DINNER WITH MORIARTYReviewed By: Tim Emmerich, Shepherd's Staff
Dinner with Moriarty" is a mental challenge that you will enjoy. This is the sequel to “Sherlock” but brings to the table a lot more gameplay variety. “Moriarty” successfully scales six different levels of increasing difficulty. This family-friendly game has no violence or foul language, but will keep you glued to your seat!
A similarity to “Sherlock” is that each location will have a small icon for the possible items until the known item is chosen. As you deduce locations, you can remove a particular item from that location if it can't possibly be there based on the clues. The clue types can be one of the following:
Don't let that scare you off. Within the game, as you move your mouse pointer over each clue, there is a window box that describes the clue in exact language for you. As you learn them, you will find that you ignore the explanation box. Further, the game has an excellent hint system that gives you and informative explanation of how to apply a clue or interpret the game screen. Plus, closing the hint causes the action to happen (like selecting an item for its place setting or removing a possibility of an item from its setting).
Even though “Moriarty” can be viewed by some as more challenging than some of the other EKS games, an excellent tutorial is provided within the game. When you initially launch "Dinner With Moriarty", you will be presented with it. For a more in-depth introduction, just look within the help file.
For you bargain hunters, “Moriarty” may entice you. It has six different puzzle types! Each gives the game a slightly different flavor. The easiest puzzle type numbered one is a small table with only four place settings and only four possible items at each setting (guest, plate, drink, and food item). Perhaps this is the young assistant professor Moriarty prior to getting tenure and only living in an apartment? Puzzle type 2 expands the table to six place settings but still the same four possible items mentioned for type 1. The same six place setting table is used for puzzle type 3 except now each setting can have six items (the two new ones for the default graphics is what hat the guest is wearing and their favorite number). Puzzle type 4 is a reprieve since the table is once again only four positions, but now the four corners of the table have one of four possible items. For puzzle type 5, the six position table is back (but the hat and number are not present) and there are two possible items on the corners (a napkin has been added). Finally, the grandfather of them all is puzzle type 6. It is a six position table with six possible items at each position. On the four corners are four possible items (serving utensils and spices added). However, you can work yourself up to this challenge slowly.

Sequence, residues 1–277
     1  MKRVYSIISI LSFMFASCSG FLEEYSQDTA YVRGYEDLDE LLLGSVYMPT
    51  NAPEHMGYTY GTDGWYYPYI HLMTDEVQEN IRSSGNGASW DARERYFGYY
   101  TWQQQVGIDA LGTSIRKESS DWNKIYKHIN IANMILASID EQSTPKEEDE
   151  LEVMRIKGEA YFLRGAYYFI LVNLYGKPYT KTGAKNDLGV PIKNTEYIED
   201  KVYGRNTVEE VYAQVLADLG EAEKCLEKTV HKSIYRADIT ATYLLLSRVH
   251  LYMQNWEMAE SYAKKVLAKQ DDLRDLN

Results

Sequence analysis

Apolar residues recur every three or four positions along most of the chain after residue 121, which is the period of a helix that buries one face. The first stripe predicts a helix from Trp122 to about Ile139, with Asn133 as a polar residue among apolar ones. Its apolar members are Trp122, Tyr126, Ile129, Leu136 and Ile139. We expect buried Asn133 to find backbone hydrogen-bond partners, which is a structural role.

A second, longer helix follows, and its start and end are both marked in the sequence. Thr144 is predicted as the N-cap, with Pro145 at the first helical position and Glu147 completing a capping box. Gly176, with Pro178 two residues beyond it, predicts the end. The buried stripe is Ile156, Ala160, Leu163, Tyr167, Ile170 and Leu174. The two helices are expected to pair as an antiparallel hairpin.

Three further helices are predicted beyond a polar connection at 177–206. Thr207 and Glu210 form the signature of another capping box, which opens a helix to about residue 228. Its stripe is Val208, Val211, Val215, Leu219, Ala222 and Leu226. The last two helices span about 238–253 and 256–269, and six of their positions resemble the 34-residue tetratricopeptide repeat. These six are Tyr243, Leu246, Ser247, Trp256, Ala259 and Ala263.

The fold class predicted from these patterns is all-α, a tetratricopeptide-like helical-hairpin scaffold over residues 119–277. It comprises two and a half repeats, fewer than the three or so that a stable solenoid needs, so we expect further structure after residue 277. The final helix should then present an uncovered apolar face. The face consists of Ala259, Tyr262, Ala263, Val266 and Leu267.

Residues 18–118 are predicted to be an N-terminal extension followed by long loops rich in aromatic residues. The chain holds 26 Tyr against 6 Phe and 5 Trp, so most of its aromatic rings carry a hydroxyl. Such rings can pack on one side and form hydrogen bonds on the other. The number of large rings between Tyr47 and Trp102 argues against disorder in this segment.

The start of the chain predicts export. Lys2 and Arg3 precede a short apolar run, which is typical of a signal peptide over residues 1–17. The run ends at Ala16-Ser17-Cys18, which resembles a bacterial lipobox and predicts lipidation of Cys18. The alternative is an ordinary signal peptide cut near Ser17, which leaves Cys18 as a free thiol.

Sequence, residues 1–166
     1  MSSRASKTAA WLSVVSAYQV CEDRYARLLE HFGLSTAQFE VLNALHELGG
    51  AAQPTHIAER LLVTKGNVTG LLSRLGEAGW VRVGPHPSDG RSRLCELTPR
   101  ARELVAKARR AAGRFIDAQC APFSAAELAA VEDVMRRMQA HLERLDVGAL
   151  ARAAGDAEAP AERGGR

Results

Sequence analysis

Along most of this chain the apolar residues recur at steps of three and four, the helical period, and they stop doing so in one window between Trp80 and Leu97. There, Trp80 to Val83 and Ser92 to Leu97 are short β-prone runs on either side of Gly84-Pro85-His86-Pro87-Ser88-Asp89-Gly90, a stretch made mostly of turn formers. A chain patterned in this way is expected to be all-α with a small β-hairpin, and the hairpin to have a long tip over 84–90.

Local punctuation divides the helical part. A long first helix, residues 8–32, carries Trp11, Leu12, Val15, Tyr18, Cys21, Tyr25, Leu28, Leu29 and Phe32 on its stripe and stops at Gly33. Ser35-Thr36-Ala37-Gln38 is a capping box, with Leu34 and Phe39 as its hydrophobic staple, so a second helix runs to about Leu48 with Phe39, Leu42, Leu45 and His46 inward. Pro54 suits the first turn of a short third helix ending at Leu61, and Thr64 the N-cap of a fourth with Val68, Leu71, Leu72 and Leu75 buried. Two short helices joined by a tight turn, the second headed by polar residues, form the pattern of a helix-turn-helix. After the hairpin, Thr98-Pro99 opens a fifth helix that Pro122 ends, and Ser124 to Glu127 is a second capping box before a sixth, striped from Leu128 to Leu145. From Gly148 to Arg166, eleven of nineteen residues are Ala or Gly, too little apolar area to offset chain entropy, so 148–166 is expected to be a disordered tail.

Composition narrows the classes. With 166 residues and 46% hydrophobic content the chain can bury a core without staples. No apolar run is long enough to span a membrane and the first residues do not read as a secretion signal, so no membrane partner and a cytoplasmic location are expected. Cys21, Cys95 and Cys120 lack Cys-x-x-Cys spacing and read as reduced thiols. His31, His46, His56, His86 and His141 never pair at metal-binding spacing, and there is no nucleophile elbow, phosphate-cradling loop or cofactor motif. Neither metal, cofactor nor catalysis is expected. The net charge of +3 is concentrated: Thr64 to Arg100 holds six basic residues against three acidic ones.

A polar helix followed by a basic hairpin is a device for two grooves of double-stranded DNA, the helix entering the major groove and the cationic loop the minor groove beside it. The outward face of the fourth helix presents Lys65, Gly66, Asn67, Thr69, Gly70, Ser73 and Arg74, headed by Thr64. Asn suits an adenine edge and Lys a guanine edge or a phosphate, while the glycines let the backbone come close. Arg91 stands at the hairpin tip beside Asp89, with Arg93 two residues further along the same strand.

“Moriarty” retains all the useful game features like the undo button and an auto notifier if you make an inaccurate deduction. Depending on your adjustable handicap setting, a certain quantity of the items will already be revealed at the start of the puzzle.
The game screen is made up of the table and the item possibilities. Surrounding it are the clues logically grouped together. The screen varies depending on the puzzle type selected. Because of that, this reviewer will not describe them all in detail. Download the shareware version to experience it for yourself.
When you find all the item locations, that puzzle is won and you are treated to a nice reward like a fireworks display with the icons or a tiling of the icons. Like other EKS games, there are more puzzle possibilities than you will ever be able to finish! The game keeps track of your time, so you can see how you improve.
From the EKS web site, registered users can download different image sets if you don't like the default, built-in one. A neat looking set is from McDonalds. You will want to pick the image set that allows you to quickly distinguish between the items.
Year of Release—1999
Disclaimer: The opinions expressed in this Christian Spotlight review are those of the reviewer (both ratings and recommendations), and do not necessarily reflect the opinions of Films for Christ or the Christian Answers Network.
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